Holding down both the full-time responsibilities to school and work was a challenge for Yue, but one she learned to manage. “I did it right away when I was young. So it was okay…If I were to do that now, I wouldn’t be able to do it. It just is a lot. Now I have kids, increased responsibilities, and more things to consider. I think it’ll be much harder, which is why I give a lot of working moms a lot of kudos because I can only imagine how much more different things they have to sacrifice to complete their degrees.”
From her first role at Lenox until now, Yue has done it all. Leveraging her degree and establishing value to the hospital, she became the operational manager, oversaw the operations of Gastroenterology, Pulmonology, Internal Medicine practices, and infusion center, and built the sleep lab. Eventually, she landed in the Department of Cardiovascular Thoracic Surgery. “Through the years of working, I think I acquired a lot of skill sets that can help me to understand what my teams are responsible for completing. So I’m more relatable to the team members for them to work with me to accomplish the similar goal that the system is rolling out.”
About five years ago, Yue joined Lenox’s Asian Business Employee Resource Group (BERG), an initiative designed to promote a more inclusive culture for employees and patients, explicitly focusing on Asian communities. A colleague encouraged her to join, recognizing the potential the opportunity held to support Yue’s vision of improving patient experiences within the hospital. “When trying to advocate…the one-offs, the two-offs for some of our Asian patients, it was tough. It was more based on personal favors, people who I know because I’ve been here for a long time…But then, when I joined the BERG, it was very different. I was able to really utilize and leverage that element and then bring certain things into a platform and have the leadership look at it differently. It’s not just I want, it’s not just my patient wants – the BERG now is asking for it.”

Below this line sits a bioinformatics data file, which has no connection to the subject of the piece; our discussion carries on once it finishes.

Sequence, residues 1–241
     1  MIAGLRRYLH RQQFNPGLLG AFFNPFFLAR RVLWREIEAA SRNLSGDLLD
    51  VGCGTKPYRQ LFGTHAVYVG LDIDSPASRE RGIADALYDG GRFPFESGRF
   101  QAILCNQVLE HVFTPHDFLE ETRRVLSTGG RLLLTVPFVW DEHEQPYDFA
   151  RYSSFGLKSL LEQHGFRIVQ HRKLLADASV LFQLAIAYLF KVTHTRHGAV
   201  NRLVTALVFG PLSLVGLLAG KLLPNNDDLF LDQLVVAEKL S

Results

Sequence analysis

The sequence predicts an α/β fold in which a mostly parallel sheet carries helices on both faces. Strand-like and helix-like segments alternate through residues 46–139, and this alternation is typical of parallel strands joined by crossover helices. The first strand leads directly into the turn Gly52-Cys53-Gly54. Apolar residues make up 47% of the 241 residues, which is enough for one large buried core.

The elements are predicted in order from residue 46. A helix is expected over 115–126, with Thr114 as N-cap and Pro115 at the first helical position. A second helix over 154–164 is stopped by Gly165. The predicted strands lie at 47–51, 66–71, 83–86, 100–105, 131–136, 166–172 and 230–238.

In her current title as Assistant Vice President of Program Management, Yue evaluates the hospital’s culture through three buckets: 1. Asian services, which focuses specifically on the needs of Asian patients and the barriers they face to receiving quality care. 2. Concierge care, which intends to make navigating the healthcare system easier for patients and providers of all backgrounds, and 3. the Touch Internal Referral, which seeks to enhance the existing provider relationships. “So everything I do, if you look at it, is all about access. Getting care. I mean, it’s about providing our patients the very best care.”
Yue hopes her next act is running a hospital from the very top. “I’ve been here for so long, I have done so many specialties, worked in many different roles, and that has prepared me.” For now, though, she remains focused on improving Lenox’s infrastructure, head to toe, to better care for the local Asian communities. “Healthcare is complicated…it’s making something complex into something so simple…it’s making sure the patient feels well taken care of, and the community providers feel at ease and satisfied being able to utilize the hospital system. You don’t have to think about anything more. Tell me what you need, and we’ll figure out the rest for you.”